Palm oil and its derivatives are part of thousands of products across the globe today. One can find it in biodiesel, soap, doughnuts as well as soap, to mention only a few. Since 1990, palm oil consumption has quintupled worldwide. The demand in Asia, where palm oil is used in cooking oil, accounts for a $44 billion industry. Indonesia is the world’s largest producer of palm oil, with a forecasted annual growth in production of 10%. Early 2013, exports from Indonesia hit a five-year high.
In 2012, the total plantation area for palm oil production in Indonesia was estimated to account for approximately 7.65 million hectares generating 22 million tons of palm oil. Indonesia aims to double its current palm oil production to 40 million tons by 2020. Estimates vary how much land this will require vary widely, ranging from 5-20 million additional hectares. This expansion threatens remaining tropical forest and peat land.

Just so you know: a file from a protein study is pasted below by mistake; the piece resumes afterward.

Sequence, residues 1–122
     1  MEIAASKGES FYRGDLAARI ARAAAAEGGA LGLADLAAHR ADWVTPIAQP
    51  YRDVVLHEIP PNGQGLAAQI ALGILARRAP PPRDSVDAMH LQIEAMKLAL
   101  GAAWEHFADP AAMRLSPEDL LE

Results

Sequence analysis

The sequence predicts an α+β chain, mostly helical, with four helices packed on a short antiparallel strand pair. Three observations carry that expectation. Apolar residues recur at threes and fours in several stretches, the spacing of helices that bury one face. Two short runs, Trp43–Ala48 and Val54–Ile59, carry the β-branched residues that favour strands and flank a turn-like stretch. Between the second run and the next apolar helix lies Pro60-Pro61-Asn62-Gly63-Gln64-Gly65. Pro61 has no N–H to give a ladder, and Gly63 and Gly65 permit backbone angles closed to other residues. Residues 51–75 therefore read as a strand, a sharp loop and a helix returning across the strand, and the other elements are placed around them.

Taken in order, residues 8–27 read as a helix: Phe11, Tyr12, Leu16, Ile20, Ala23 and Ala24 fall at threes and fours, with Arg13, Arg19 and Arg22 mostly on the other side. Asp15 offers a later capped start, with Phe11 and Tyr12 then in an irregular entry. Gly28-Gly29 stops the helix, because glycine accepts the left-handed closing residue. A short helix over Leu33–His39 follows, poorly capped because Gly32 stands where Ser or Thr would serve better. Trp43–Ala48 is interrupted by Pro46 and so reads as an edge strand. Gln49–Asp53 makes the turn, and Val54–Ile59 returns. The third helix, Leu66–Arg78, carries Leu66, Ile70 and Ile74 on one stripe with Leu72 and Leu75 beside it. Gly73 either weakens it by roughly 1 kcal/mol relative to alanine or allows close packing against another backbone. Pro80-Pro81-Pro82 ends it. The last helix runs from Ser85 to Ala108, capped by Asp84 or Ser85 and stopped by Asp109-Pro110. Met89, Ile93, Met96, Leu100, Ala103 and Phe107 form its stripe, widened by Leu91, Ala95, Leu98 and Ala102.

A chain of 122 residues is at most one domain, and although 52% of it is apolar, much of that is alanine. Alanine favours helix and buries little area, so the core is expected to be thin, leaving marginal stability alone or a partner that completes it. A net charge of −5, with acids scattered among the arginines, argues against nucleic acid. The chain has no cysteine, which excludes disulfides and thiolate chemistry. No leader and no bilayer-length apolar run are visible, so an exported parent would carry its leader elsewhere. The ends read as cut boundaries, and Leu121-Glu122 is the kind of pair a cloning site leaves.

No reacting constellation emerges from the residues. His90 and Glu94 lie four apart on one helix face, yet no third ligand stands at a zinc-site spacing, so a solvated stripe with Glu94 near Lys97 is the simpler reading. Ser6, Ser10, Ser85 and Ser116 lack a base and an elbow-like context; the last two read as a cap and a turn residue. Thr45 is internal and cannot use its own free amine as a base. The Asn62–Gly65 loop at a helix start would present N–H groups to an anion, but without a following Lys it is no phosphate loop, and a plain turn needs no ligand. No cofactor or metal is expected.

However, there are opportunities for production increases through productivity gains and use of degraded lands. The need to balance growth and economic potential and maintaining healthy ecosystems and communities is fundamental to secure the future of both forests in Indonesia and improved livelihoods through economic growth.
The government recently established a national certification scheme called ISPO, which requires producers to comply with existing regulations for palm oil production, environmental management, responsibility to workers and social communities. UNDP supports the operationalization and optimization of ISPO, as it covers all producers in Indonesia to ensure compliance with the Indonesian legal system. RSPO (Roundtable for Sustainable Palm Oil) is also important in that it provides best practice standards. Therefore collaboration between these two schemes is crucial for the sustainable future of the Indonesian palm oil sector.
'The objective: Promoting sustainable palm oil by reducing deforestation and facilitating structural change in the palm oil sector'
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